AMD said it was able to achieve that through clock and power gating and a C6 state to further reduce idle power. The first rev of Fusion, essentially, was not just a server or desktop chip chopped down to save power. AMD says it designed it from the get go to sip power.

So where will Fusion go head to head?

Even playing Call of Duty: Modern Warfare 2, Zacate runs cooler than a human.

AMD said Zacate or E-series chips will likely be used in $450 to $500 notebooks. The main competition will be Pentium-based notebooks with integrated graphics. Ontario or C-series chips will likely go into $300 or lower notebooks that compete squarely with Atom and Celeron notebooks with integrated graphics as well.

Based on a day of benchmarking a test rig outfitted with an E-350, we have to say that we’re suitably impressed. We certainly can’t render a verdict until we tested final product, but Zacate’s graphics performance could very well give it an edge over Intel’s current integrated graphics and possibly even against the upcoming Sandy Bridge chips.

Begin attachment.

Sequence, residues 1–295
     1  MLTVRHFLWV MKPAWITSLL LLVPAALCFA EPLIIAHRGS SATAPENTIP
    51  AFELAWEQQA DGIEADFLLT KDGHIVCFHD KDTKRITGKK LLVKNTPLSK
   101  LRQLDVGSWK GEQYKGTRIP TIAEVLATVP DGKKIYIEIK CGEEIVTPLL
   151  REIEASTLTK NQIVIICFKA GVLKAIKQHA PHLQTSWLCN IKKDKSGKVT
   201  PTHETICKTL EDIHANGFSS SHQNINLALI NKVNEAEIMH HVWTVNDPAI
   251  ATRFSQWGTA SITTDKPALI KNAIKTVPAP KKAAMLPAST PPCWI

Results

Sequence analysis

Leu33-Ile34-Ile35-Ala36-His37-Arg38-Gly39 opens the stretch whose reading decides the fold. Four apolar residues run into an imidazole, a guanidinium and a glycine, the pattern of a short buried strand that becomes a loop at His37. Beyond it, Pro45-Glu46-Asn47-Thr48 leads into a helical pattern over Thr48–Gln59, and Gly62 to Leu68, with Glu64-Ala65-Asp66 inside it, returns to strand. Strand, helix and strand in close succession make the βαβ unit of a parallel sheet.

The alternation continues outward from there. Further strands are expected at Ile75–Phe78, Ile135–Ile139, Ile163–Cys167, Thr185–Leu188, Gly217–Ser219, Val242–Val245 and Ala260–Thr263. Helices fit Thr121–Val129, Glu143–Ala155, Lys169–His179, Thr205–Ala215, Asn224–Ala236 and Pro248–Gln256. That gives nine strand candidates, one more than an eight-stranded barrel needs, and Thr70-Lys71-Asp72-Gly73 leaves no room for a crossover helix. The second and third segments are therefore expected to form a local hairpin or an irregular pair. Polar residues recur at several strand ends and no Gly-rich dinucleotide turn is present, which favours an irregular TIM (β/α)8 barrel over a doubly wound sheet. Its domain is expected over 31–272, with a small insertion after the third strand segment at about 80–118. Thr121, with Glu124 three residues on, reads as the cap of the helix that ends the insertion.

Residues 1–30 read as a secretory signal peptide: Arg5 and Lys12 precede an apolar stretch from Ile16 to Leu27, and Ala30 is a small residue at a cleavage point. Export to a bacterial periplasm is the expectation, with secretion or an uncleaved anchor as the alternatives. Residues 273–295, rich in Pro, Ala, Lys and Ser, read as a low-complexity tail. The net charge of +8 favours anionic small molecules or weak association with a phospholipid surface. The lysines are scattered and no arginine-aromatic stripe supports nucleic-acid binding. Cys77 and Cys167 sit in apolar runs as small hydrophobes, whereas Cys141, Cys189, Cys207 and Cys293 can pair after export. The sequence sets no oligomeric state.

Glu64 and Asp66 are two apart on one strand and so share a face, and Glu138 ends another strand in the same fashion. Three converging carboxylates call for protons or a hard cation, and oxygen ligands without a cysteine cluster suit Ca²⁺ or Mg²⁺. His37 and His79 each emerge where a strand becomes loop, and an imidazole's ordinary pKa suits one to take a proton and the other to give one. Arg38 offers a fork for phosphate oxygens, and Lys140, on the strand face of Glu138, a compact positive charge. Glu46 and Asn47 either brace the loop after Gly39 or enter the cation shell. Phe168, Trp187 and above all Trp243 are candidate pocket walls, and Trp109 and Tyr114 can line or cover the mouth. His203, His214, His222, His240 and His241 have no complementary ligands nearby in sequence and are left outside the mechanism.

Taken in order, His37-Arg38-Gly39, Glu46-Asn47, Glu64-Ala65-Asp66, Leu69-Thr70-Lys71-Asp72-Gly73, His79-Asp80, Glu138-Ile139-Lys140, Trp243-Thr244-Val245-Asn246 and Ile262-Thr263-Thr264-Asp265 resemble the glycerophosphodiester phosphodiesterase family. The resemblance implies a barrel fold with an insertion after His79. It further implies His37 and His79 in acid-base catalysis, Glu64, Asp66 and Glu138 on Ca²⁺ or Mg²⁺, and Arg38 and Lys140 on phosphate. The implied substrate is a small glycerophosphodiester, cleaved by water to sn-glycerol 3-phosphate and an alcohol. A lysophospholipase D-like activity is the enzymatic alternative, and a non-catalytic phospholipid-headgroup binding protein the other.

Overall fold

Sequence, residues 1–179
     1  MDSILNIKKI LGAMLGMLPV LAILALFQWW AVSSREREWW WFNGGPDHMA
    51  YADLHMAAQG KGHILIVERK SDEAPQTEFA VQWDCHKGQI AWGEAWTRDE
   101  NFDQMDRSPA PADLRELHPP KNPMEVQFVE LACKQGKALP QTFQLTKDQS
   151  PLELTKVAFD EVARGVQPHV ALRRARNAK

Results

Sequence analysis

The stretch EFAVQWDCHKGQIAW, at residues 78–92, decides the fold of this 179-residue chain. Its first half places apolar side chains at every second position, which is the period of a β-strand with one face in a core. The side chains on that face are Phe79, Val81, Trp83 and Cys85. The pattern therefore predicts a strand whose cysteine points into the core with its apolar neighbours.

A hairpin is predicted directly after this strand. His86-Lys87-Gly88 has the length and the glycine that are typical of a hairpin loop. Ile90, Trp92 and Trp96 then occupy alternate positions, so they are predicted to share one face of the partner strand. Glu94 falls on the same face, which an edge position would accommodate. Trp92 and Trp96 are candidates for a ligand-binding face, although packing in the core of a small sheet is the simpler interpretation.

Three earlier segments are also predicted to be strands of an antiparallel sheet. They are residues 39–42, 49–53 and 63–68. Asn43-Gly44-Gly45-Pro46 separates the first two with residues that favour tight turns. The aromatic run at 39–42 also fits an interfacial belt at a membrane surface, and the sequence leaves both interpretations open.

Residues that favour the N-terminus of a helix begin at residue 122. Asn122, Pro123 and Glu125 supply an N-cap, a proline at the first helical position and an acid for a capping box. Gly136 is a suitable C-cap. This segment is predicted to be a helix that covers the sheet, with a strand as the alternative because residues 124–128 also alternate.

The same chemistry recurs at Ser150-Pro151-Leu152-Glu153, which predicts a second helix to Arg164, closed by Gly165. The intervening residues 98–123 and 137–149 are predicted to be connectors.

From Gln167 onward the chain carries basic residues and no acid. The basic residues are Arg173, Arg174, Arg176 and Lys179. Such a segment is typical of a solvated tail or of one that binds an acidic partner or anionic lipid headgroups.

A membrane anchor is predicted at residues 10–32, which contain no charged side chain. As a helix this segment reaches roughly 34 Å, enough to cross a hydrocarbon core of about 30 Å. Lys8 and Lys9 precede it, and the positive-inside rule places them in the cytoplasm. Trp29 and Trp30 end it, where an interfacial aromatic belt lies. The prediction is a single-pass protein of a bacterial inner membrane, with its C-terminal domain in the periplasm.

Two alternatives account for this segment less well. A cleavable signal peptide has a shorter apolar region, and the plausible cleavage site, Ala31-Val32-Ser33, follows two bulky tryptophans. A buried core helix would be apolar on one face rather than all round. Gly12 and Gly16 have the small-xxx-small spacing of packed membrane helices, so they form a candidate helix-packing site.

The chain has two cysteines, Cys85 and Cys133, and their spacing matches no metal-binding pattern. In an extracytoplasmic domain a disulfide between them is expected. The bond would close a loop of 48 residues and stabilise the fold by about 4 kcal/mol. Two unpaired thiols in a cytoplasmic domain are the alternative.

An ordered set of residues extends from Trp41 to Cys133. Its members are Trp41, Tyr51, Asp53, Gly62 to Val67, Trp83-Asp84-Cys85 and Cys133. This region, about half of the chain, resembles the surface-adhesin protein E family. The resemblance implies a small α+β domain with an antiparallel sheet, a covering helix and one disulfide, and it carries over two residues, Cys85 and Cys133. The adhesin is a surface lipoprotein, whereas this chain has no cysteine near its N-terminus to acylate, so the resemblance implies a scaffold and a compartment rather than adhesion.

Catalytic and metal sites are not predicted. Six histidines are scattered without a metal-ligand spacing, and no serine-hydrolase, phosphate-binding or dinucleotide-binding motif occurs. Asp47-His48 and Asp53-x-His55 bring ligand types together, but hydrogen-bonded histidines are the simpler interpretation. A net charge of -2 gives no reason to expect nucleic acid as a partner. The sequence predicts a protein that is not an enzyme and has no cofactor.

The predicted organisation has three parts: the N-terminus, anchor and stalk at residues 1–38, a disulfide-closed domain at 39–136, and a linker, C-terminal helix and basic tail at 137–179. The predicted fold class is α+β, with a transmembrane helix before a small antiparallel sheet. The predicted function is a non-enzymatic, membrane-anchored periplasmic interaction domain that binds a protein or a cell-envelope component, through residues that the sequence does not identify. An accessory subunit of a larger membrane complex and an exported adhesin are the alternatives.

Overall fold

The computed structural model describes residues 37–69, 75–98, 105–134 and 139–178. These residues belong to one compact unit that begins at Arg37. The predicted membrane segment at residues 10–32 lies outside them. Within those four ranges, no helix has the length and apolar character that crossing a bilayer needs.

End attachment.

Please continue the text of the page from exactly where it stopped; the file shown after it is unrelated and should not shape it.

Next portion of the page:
The 40nm-based Zacate Fusion chip packs a dual x86 cores along with an 80 "nanocore" GPU and integrated memory controller and PCI-Express lanes.

As we said previously, we were able to play Call of Duty: Modern Warefare 2 at 1280x768 resolution (the likely res you’d play on a small wide-aspect ratio notebook). What’s the weakness: those x86 cores. Remember, you’re still talking about a slightly slower Athlon 64 dual core to push all of your applications that can’t leverage the graphics cores. While the Athlon 64 certainly slays an Atom, against a Penryn-based Celeron or Pentium or even a Westmere-based Core i3, it would likely get ugly.